Linda and Bob Parsons dreamed of having children together, yet had trouble conceiving. Undeterred, they made the choice to become foster parents.
Judi Bradley, a foster parent herself, was the social worker who helped them.
Judi and Linda became instant friends and a deep bond formed between the two women.
"We were as close as sisters could be," Judi said. "It wasn't a day that went by that we didn't talk to each other and check in on each other."
They shared another bond as mothers.
"We both were the first white people to get African-American babies and we kind of agreed that our kids had to be raised together," Judi said.
Judi was the first to find out when Linda was diagnosed with colon cancer.
"I was talking to her on the phone when she got the news," she said.
Linda would fight, but the prognosis was grim.
When she felt herself losing her battle, she had the ultimate favor to ask her husband and her friend.
Upon her passing, Linda wanted Bob to be with Judi and for them to raise all their children together. Linda could imagine no better mom for her children than her best friend.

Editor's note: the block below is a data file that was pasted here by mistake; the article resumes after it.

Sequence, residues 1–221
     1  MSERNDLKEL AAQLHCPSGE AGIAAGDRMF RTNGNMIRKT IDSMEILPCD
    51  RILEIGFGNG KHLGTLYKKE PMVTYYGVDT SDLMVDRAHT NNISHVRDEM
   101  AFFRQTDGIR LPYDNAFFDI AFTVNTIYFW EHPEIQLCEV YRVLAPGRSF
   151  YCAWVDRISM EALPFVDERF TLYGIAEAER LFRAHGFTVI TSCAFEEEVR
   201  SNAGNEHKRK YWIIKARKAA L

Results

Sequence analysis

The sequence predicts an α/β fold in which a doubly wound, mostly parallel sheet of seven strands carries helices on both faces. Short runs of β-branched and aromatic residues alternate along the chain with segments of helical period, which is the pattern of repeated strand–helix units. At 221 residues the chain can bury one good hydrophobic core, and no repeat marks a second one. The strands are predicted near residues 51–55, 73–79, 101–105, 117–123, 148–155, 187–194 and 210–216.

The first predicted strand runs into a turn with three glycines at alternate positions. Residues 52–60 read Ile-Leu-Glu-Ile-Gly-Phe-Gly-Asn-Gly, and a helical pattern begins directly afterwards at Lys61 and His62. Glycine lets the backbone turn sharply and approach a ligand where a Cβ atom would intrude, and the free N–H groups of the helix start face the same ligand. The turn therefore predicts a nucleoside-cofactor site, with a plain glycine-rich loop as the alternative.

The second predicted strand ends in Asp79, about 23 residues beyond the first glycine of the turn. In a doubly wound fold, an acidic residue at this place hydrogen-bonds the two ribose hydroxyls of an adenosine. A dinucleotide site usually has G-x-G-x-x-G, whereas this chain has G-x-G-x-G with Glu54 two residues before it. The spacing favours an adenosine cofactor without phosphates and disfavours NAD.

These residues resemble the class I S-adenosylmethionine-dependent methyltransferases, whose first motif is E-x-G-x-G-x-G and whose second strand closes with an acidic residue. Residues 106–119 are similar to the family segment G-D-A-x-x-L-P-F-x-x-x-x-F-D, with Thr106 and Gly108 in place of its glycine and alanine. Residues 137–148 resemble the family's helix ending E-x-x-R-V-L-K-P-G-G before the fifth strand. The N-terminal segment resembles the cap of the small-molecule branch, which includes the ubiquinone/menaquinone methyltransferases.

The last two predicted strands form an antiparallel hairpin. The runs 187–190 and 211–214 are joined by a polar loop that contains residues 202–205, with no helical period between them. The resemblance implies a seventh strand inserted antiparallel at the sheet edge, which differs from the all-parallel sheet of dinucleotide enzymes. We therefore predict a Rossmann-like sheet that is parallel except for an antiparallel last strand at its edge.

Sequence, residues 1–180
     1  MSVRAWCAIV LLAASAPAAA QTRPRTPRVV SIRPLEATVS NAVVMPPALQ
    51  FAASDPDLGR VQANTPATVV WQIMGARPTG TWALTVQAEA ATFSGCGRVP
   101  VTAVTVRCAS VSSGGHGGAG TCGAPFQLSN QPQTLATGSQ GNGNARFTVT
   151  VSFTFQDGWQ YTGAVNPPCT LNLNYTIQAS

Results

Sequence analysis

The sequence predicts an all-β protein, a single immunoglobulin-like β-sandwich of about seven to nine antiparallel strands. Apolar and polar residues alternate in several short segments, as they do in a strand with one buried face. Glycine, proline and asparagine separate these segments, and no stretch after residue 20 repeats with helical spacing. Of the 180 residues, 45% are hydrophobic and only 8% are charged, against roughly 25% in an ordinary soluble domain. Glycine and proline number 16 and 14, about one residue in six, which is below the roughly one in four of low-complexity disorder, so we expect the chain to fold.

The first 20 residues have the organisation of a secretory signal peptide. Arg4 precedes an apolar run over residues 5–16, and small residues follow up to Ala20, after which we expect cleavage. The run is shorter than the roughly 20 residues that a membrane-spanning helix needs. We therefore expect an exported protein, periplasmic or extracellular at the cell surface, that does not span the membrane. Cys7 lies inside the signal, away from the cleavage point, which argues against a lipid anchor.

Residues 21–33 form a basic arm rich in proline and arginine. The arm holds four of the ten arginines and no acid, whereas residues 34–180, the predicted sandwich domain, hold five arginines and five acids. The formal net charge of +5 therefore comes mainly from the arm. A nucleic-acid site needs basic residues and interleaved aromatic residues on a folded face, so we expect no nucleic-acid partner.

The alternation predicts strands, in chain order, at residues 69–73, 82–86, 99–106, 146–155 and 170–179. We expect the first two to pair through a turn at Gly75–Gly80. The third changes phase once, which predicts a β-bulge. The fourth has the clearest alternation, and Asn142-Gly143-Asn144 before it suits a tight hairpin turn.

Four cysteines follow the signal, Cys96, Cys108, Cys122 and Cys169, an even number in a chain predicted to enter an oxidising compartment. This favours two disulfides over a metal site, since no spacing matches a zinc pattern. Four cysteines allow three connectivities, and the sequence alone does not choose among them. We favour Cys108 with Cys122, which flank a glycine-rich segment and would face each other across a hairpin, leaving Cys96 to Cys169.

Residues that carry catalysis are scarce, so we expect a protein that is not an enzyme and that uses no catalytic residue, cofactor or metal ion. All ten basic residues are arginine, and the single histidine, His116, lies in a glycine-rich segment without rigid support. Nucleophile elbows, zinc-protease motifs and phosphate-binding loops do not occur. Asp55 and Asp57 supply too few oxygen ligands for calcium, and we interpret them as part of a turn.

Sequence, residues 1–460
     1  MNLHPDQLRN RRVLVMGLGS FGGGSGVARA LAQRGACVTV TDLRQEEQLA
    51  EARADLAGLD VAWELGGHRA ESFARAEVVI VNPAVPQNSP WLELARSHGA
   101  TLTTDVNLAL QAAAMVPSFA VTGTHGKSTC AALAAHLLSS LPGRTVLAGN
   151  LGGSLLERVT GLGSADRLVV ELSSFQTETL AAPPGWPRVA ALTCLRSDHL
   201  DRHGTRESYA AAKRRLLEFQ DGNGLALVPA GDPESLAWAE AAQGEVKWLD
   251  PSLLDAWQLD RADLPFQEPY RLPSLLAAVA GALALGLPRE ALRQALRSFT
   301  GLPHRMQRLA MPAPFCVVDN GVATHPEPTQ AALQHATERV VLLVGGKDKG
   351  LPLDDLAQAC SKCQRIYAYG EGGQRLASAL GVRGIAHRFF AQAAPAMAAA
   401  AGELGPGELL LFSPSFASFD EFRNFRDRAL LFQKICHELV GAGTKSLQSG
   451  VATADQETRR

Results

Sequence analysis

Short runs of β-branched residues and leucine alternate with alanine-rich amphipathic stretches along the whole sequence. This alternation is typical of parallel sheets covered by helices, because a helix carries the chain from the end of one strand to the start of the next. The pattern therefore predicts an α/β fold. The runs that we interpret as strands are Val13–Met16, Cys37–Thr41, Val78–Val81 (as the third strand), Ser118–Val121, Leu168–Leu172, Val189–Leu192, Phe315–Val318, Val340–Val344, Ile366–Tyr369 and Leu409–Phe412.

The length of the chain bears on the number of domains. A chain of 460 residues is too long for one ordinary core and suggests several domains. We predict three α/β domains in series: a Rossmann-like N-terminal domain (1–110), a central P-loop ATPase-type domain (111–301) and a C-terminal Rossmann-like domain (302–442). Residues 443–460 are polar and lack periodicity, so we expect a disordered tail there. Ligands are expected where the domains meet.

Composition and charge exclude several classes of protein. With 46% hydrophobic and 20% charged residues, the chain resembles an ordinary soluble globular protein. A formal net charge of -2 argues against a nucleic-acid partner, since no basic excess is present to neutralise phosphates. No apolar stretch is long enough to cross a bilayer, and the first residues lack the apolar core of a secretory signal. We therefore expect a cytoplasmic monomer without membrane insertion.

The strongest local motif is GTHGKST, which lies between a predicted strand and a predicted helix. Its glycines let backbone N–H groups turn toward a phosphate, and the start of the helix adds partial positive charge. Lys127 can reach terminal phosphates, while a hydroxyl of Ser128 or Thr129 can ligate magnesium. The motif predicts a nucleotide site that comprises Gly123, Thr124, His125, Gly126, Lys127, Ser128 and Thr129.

"She would say things to me like, 'You know, if after I'm gone, if you and Bob got together, it would be all right with me,'" Judi said.
Bob and Judi dismissed the idea.
"I would just say, OK, and go on about my business," Bob said.
Linda eventually lost her battle with cancer and passed away.
While Bob and Judi initially didn't take Linda's idea seriously, later while sharing their grief, something suddenly changed.
"We were out in the backyard putting a swing set together and I happened to look up at her, 'cause she was up on the platform, and the way I looked at her just changed all of a sudden," Bob recalled.
Linda's dying wish was about to come true.
"I really think she put a whammy on us," Judi said.
In October 2006, Bob and Judi were married, and their two families became one.
"It was a fairy tale wedding. It was beautiful," she said.
And what a life change it was -- eight kids, two new parents and a three-legged Maltese-poodle mix -- all under one roof.
"Blended families, it's a daily challenge, and you just have to take it one day at a time," Judi said.
From the kids' perspective, the situation seems to be working out fine.
"I know that Judi loves me almost as much as my mom does, but I still do miss my mom," said Bob's son, 12-year-old Tony. "But I was pretty happy when they got married."
This bond of friendship between two women was powerful enough to unite two families and create a love that survived her passing.
Life is often hectic for the family -- and certainly never dull -- but no matter how crazy things become, Linda is never far from the family's thoughts.
"She's part of our family ... and she'll always be a part of our life," Bob said.